Holt v. Rogers
33 U.S. 420 (1834)

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U.S. Supreme Court

Holt v. Rogers, 33 U.S. 8 Pet. 420 420 (1834)

Holt v. Rogers

33 U.S. (8 Pet.) 420

APPEAL FROM THE CIRCUIT COURT OF THE UNITED

STATES FOR THE DISTRICT OF TENNESSEE

Syllabus

Construction of a contract for the sale of a tract of land.

R. executed a bond to D. conditioned that he would make him a fair and indisputable title to a certain tract of land on or before 1 January, 1795, and if no conveyance was then made, that R. would stand indebted to D. in a certain sum of money, being the sum acknowledged to be paid to R. at the time of the contract.

By the Court:

"No other just interpretation can under the circumstances be put upon this language than that the parties intended, that R. should perfect his title to the land by a patent and should make a conveyance of an indisputable title to D. on or before 1 January, 1795, and if not then made, the contract of sale was to be deemed rescinded and the forty-five pounds purchase money was to be repaid to D."

In 1799, the heir of the vendor, he having died, obtained a complete title to the land by patent, and the vendee did not die until seven years afterwards. After his death in 1806, no step was taken by his heirs or devisees for the purpose of asserting any claim to a performance of the contract for the sale of the land, until 1819, and no suit was commenced until 1823. In the meantime, the property has materially risen in value from the general improvement and settlement of the country.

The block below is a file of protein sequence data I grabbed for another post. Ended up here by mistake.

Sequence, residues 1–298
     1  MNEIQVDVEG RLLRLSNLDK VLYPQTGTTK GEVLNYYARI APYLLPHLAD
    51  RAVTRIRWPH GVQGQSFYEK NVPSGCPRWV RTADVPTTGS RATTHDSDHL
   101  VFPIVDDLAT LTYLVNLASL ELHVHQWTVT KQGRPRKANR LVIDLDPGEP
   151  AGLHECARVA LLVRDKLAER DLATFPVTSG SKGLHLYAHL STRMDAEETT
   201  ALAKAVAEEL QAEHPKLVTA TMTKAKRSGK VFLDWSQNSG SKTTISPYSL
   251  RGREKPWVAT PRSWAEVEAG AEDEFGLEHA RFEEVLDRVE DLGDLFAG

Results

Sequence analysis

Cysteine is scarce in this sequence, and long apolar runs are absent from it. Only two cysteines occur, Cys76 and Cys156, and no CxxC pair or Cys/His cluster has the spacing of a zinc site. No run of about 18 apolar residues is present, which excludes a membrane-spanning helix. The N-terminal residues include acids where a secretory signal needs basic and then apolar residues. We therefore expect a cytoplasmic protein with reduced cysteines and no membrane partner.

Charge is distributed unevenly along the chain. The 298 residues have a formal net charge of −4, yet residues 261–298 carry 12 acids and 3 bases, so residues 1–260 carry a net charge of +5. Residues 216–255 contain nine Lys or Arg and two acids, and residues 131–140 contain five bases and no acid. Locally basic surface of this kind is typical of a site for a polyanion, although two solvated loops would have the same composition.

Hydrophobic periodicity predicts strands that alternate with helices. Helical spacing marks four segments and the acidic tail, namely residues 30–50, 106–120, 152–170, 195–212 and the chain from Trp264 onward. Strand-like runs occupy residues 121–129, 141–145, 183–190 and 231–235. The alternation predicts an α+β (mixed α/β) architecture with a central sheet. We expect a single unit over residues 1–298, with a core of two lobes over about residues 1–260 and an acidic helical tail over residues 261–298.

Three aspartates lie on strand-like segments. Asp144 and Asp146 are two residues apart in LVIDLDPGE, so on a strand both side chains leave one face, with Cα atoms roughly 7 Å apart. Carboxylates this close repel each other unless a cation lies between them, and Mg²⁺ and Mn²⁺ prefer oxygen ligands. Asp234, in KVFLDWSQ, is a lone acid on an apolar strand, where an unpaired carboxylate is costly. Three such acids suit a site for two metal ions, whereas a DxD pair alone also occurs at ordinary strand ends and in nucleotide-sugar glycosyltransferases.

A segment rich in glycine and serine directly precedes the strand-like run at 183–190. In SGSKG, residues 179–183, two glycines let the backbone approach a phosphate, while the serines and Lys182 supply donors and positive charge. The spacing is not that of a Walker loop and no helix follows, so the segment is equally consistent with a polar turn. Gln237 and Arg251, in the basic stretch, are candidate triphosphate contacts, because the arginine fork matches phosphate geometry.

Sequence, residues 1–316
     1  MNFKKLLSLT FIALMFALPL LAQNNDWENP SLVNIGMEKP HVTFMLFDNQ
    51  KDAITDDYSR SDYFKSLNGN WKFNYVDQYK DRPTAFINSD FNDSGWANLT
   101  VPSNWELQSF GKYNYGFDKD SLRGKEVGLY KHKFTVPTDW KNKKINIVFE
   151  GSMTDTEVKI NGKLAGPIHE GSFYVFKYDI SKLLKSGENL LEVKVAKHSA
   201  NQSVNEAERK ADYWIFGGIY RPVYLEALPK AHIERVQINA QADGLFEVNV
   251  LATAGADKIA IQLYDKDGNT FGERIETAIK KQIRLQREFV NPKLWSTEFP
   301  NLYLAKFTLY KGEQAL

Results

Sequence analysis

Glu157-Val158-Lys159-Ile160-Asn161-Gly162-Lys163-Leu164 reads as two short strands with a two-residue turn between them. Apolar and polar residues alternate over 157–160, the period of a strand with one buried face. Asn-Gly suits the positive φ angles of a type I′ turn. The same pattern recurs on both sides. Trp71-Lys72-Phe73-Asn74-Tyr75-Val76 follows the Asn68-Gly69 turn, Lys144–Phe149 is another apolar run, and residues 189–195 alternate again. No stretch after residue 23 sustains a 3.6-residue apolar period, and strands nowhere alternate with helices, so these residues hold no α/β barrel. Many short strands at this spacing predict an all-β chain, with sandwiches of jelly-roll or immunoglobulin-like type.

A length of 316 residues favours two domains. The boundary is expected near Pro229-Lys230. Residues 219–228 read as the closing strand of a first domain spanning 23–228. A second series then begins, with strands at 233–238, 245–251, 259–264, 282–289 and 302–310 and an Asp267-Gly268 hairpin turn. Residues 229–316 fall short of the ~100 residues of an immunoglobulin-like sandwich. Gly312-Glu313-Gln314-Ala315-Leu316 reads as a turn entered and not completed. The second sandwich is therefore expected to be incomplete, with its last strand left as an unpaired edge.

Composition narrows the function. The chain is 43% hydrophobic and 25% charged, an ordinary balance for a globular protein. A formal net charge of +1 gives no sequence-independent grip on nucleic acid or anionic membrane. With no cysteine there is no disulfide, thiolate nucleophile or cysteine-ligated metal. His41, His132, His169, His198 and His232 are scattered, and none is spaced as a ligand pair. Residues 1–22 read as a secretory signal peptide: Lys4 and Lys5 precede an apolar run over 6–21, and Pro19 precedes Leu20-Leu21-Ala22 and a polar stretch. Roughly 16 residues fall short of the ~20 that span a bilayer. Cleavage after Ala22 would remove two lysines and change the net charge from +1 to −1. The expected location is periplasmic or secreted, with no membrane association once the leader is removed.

By the Court:

"The objection from the lapse of time is decisive. Courts of equity are not in the habit of entertaining bills for a specific performance after a considerable lapse of time unless upon very special circumstances. Even where time is not of the essence of the contract, they will not interfere where there have been long delay and laches on the part of the party seeking a specific"

performance. And especially will they not interfere where there has in the meantime been a great change of circumstances and new interests have intervened. In the present case, the bill is brought after a lapse of twenty-nine years.

The case as stated in the opinion of the Court was as follows:

The suit was brought in February, 1823, for a specific performance of a contract made in January, 1794, for the sale of land, under the following circumstances. On 6 January, 1794, John Rogers of Virginia executed his bond to James Dickinson of the same state in the penal sum of

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